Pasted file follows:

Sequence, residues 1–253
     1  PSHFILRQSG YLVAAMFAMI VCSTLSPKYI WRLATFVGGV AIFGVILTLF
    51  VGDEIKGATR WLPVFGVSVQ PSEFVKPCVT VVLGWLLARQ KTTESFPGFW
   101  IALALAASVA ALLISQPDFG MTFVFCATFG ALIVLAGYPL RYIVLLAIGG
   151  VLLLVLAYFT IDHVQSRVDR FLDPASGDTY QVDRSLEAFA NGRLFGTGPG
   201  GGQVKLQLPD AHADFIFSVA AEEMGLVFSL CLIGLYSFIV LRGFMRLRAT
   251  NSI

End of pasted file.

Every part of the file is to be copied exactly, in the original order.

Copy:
Sequence, residues 1–253
     1  PSHFILRQSG YLVAAMFAMI VCSTLSPKYI WRLATFVGGV AIFGVILTLF
    51  VGDEIKGATR WLPVFGVSVQ PSEFVKPCVT VVLGWLLARQ KTTESFPGFW
   101  IALALAASVA ALLISQPDFG MTFVFCATFG ALIVLAGYPL RYIVLLAIGG
   151  VLLLVLAYFT IDHVQSRVDR FLDPASGDTY QVDRSLEAFA NGRLFGTGPG
   201  GGQVKLQLPD AHADFIFSVA AEEMGLVFSL CLIGLYSFIV LRGFMRLRAT
   251  NSI